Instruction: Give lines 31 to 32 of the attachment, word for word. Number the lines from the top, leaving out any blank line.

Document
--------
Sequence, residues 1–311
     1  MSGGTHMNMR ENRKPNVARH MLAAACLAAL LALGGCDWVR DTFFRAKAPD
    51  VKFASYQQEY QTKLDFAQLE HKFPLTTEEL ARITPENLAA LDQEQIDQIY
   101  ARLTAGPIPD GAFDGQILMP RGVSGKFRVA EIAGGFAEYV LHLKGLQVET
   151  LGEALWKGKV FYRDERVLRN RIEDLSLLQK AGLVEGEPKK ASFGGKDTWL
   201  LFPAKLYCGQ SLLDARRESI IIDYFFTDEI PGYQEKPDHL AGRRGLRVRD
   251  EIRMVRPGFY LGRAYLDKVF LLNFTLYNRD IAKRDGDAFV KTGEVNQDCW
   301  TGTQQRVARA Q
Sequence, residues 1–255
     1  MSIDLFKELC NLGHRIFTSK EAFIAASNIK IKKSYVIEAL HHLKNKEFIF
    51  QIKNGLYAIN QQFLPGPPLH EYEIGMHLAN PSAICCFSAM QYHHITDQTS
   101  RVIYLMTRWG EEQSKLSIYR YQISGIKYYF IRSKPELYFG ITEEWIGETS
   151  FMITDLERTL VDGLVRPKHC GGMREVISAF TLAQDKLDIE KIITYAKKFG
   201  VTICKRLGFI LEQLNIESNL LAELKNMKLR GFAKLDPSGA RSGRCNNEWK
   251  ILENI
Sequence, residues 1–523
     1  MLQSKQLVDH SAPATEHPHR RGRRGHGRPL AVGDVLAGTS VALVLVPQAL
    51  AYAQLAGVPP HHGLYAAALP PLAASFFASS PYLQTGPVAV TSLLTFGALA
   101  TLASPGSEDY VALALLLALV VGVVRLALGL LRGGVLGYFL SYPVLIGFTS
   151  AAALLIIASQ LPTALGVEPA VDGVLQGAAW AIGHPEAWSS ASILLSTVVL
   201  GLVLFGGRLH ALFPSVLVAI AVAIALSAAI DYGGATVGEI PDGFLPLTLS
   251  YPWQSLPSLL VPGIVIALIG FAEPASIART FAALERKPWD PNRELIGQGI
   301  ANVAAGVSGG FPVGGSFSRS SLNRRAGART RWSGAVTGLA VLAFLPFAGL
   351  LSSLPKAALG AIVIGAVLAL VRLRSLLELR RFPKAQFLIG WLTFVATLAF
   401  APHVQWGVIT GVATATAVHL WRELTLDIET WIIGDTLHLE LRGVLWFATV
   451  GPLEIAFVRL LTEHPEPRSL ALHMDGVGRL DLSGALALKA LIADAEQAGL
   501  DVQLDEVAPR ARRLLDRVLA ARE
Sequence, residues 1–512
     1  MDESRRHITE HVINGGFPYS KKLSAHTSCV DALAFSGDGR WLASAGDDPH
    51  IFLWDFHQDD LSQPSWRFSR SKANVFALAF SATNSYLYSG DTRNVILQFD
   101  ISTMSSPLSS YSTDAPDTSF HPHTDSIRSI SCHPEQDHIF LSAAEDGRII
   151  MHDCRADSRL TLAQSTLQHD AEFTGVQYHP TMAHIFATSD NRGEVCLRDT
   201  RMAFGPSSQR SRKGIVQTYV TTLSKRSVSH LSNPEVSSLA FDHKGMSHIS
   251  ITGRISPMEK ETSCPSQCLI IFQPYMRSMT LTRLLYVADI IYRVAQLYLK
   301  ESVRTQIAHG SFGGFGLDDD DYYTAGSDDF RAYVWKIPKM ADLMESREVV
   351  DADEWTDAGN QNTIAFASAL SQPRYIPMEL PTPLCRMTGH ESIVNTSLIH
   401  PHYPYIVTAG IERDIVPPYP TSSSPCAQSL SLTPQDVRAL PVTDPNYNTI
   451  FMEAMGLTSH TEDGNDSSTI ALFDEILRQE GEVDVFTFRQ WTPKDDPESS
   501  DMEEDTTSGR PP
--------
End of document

   101  ISTMSSPLSS YSTDAPDTSF HPHTDSIRSI SCHPEQDHIF LSAAEDGRII
   151  MHDCRADSRL TLAQSTLQHD AEFTGVQYHP TMAHIFATSD NRGEVCLRDT